I must confess that I cheated when I went to the movies this week. My friend's choice was DJANGO. When we arrived at the theater, the manager informed us the heat was off. This was a two hour, 50 minute movie, and I couldn't handle Tarantino and freezing temps. The manager was gracious; he gave us free popcorn and a free drink and allowed me to see PROMISED LAND while my friend enjoyed his choice in the arctic.
PROMISED LAND sounds like another message or political movie, but it is much better than that. It deals with the controversial subject of fracking and considers both the pros and cons of that process in obtaining "clean" natural gas instead of coal and oil. Matt Damon has perfected playing the common man, a man with purpose, a conscience, and doubts. He may be the Jimmy Stewart of our time. Here he plays Steve Butler, an advance pitchman for a huge oil company. His co-worker Sue Thomason is a single mother played by Frances McDormand (FARGO). Both are warm, humorous characters who believe in what they are doing, but things don't go smoothly. The smartest man in town is a crusty old science teacher embodied by who else--Hal Holbrook. He asks for a vote by the townspeople to be held in several weeks. Then a seemingly gung-ho environmentalist (John Krasinski) turns up the heat of opposition. Steve finds himself in a battle for his career but he also finds himself doubting the validity of what he is selling. The film is thoughtful, sincere, and dramatically engaging without being preachy, and Matt Damon (co-writer) deserves the lion's share of the credit.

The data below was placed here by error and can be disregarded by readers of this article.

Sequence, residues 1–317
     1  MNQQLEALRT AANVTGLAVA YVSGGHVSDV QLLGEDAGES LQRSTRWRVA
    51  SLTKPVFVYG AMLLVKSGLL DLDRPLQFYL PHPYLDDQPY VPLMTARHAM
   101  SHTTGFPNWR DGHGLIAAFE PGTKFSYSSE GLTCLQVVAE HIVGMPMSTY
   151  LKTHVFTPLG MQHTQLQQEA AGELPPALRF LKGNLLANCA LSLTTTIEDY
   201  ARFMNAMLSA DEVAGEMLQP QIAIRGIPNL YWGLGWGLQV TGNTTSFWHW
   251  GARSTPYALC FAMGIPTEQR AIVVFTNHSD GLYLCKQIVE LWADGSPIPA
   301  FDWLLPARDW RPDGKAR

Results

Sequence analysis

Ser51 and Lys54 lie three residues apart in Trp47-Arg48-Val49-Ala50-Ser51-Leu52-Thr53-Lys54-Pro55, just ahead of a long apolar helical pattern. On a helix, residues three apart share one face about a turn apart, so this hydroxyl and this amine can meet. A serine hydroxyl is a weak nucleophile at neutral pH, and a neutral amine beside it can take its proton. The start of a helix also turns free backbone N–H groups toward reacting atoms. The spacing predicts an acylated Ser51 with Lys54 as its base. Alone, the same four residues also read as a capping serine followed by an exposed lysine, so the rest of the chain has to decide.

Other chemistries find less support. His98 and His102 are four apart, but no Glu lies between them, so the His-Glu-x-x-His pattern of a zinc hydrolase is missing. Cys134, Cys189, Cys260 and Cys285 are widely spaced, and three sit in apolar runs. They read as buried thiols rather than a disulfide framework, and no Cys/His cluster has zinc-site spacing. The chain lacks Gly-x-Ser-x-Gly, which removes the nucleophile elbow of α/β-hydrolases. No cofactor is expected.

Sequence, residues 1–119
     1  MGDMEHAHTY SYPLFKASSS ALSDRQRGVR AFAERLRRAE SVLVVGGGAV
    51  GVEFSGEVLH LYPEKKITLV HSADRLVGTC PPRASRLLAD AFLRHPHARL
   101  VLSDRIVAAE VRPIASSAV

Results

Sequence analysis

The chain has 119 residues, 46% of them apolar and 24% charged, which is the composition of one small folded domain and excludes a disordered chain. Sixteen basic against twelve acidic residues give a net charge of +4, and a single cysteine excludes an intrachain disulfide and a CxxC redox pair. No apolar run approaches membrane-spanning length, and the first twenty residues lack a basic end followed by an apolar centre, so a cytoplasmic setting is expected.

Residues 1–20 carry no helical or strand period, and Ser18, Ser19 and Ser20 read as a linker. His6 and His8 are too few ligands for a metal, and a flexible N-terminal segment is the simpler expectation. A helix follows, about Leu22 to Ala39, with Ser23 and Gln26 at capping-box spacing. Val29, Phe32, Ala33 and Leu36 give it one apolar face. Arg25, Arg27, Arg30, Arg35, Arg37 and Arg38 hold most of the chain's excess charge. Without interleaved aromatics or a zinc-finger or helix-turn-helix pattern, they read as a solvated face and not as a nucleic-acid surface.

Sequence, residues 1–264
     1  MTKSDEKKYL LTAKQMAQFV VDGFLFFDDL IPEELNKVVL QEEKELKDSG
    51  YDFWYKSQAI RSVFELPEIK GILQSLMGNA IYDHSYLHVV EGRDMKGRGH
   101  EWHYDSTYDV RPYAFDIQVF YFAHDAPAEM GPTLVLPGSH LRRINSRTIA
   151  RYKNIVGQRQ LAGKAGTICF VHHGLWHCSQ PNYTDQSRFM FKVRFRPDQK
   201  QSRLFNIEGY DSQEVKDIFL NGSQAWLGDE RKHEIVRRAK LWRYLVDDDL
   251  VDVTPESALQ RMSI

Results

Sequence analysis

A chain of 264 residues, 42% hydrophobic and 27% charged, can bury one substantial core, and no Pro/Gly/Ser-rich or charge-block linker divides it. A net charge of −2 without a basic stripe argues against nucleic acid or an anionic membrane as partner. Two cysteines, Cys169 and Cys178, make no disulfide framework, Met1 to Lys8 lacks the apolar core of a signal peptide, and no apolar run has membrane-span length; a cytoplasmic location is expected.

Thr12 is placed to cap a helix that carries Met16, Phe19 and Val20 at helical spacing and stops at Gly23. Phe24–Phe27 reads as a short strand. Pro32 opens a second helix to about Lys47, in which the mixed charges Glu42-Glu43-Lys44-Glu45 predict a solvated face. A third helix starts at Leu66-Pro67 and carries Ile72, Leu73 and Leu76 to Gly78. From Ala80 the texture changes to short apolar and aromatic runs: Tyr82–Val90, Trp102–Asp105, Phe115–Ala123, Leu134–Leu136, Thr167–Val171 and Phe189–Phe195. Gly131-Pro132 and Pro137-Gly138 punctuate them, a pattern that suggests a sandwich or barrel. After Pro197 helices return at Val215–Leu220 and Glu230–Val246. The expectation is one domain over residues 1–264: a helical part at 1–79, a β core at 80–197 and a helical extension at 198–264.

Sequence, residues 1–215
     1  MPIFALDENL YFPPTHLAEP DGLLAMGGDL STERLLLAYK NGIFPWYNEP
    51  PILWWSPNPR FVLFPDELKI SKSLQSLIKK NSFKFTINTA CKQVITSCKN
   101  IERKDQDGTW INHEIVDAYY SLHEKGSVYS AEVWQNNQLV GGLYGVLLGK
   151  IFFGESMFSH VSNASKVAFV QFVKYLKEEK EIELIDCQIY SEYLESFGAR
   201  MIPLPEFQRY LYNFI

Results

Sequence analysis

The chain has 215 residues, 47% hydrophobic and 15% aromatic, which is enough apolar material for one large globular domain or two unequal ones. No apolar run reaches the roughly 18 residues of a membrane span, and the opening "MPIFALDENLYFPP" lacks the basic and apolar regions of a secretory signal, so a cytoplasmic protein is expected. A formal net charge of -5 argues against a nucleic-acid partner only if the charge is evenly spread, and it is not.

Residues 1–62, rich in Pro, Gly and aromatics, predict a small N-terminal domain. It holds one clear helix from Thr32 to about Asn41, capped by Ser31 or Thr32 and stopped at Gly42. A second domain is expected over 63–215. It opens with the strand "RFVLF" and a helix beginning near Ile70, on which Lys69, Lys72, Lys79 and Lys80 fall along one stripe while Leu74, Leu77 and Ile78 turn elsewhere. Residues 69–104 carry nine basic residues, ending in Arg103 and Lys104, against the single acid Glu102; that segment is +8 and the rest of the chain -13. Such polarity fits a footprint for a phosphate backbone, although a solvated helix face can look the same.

However, I still had 40 minutes to kill and no book to read, so I sneaked into the icebox and endured the end of DJANGO, a potboiler that is one part spaghetti western, one part MANDINGO (a ghastly exploitation film from 1975), and three parts torture, bloody violence, and sadism. Django has teamed up with a German bounty hunter, and together they plan to rescue Django's wife from a half-crazed plantation owner (hammed to overkill by Leonardo DiCaprio). SPOILER: he achieves his goal only after killing dozens of nasty white slavers, being brutally tortured himself, blowing up the plantation, etc., etc. Like Tarantino's earlier films, this one revels in its excess and leaves no lasting moral lessons. Avoid at all costs...even a free admission. You've got to wonder what the Academy was thinking when this stinker was nominated for Best Picture along side LINCOLN, LIFE OF PI, and LES MISERABLES.